"Those mommies and daddies just elected a new President, sonny boy. And new Senators, Congressmen, and Governors. A President elected in part by saying, "Well, this great nation exists via laws and social cohesion, not others illegally walking in and claiming what is now 'theirs' and going on about 'rights', while you can't feed your families. Criminals will be removed, and soon. They have every 'right' to petition, per the law, to enter your classroom" ...or, really what I mean is, this great nation...legally. But the days of illegal migrations are over!"

"Your Uncle BB's great-grandfather came in that way, legally, from Ireland, via Boston immigration in the 1870s. His great-great-great-grandfather and grandmother also did, on his mom's side, and migrated West to the then-frontier state of Ohio. Those were different times, and they had the papers to prove they wanted to be part of the great American experiment, sonny boy. They were Irish, and suffered hard work and discrimination, that's just how life is. But soon enough, their sons held positions of power, and stopped being Irish first. They were Americans first, and were accepted, as part of what I said: the great American Experiment!"

"What Great Experiment, Uncle BB?" asked the Kid. "Another time," replied BB.

"So, sonny boy, end of the day hardly anyone 'hates' those kids who shouldn't be in your classroom, but that's what laws and a functional society are all about. That's what separates the West...great countries like America...from societies who live by kings, dictators, and barbarism in most of the world. We will not become a Third World garbage dump, not while so many of us draw breath.

"Those new kids...really illegal aliens... shouldn't be there...here...illegally, and need to be helped back where they came from, because they are criminals and not part of your classroom. They can build their own classrooms, talk to their own government about rights and freedoms, as did the founders of this great nation.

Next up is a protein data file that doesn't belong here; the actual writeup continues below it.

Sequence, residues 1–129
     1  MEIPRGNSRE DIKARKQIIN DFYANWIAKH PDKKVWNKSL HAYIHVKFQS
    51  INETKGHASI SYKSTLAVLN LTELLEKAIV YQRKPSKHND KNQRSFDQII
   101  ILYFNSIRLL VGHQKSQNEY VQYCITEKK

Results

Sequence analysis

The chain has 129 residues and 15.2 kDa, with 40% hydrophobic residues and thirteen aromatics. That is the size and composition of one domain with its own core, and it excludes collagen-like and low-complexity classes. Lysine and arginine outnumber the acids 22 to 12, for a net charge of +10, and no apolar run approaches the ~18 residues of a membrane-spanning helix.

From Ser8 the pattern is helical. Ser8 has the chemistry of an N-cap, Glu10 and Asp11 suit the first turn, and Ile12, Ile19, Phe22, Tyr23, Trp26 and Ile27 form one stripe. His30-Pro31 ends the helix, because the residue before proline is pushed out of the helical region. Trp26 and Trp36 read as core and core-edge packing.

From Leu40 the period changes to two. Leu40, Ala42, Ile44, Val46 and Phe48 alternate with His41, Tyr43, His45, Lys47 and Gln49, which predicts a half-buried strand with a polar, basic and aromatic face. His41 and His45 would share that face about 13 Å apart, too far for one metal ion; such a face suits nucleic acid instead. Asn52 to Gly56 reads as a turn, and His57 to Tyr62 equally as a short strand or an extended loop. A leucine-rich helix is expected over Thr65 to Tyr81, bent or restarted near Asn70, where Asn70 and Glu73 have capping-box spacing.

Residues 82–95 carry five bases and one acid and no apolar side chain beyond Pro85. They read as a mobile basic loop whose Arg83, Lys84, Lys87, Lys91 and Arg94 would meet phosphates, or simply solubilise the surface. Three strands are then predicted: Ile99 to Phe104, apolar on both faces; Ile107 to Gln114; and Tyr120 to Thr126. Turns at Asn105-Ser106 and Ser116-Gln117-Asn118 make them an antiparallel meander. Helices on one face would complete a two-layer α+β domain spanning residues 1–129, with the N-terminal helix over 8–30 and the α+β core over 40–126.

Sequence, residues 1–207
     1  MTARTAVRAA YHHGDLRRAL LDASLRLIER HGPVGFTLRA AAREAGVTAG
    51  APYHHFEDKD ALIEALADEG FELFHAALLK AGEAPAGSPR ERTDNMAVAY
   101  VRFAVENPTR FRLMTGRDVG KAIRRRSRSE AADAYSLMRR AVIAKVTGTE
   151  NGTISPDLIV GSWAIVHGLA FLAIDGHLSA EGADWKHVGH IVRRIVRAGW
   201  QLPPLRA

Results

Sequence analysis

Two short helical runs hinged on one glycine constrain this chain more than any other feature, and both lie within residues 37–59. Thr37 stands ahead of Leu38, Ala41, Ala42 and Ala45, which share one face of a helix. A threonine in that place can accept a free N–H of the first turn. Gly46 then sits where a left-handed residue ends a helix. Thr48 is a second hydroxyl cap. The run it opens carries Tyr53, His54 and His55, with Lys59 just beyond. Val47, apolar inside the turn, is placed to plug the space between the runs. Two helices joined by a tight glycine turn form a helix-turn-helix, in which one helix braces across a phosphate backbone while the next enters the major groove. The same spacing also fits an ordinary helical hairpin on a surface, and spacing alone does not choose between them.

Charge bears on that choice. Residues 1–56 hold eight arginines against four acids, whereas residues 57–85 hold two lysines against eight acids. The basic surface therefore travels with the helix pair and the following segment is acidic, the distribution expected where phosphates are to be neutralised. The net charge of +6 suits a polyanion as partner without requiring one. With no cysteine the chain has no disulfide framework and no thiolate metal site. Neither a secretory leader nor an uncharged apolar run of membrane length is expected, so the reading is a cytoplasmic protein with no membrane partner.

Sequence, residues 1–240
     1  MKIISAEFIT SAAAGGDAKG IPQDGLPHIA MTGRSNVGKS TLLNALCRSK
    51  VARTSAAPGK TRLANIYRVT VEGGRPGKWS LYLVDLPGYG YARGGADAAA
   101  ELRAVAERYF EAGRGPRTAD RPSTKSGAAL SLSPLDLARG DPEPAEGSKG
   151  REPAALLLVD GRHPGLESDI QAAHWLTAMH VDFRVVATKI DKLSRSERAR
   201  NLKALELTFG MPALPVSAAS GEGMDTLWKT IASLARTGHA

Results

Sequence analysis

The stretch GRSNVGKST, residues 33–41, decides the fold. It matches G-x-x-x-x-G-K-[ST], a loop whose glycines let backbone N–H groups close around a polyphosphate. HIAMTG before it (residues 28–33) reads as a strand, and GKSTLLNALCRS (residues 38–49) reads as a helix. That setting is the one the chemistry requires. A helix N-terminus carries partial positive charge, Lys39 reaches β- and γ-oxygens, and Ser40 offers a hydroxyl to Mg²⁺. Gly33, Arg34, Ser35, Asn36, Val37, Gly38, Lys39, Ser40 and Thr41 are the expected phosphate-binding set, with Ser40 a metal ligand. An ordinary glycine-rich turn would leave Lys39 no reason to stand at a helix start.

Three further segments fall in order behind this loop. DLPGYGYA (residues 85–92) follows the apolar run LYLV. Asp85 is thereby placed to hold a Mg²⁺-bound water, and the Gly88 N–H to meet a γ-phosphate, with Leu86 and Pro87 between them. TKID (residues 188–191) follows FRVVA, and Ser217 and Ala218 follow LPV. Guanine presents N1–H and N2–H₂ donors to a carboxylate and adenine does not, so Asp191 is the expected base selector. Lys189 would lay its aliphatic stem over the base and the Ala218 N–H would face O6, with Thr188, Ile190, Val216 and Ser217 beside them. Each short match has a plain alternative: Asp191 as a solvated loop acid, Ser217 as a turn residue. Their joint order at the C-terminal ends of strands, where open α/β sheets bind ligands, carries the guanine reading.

"We, your classmates, need to know who they are and we, not they, will decide if and when they serve the interests of the classroom and school as a whole. When they do, if they do, we'll let them in, gradually and in an orderly fashion. Otherwise, well that's what 'illegal' means: just bad. Chaos, misery for all, including those who paid to build this classroom, school, and nation. The guards on the fence need to get back to work, the bad people who wouldn't let them do their jobs are gone now."

"The school, son, is our country: the United States of America, the world's greatest republic and by God may she stand proud again. The classroom in my story is your state, town, and actual class at school, by the way. So you understand," Uncle BB concluded.

"Geez," said the kid after awhile. "So the new President, I think, wants us kids, and us people, to be safer and obey our laws and stuff? Doesn't sound so bad to me after all!"

"You're on the right track, kid. You really are!" (ruffle hair.)

Hope that's straightforward enough, and is a variation of the conversation I'd have with any kid from about age 5 to age 16 who was "scared". Those older than that really ought to know better and figure it out for themselves.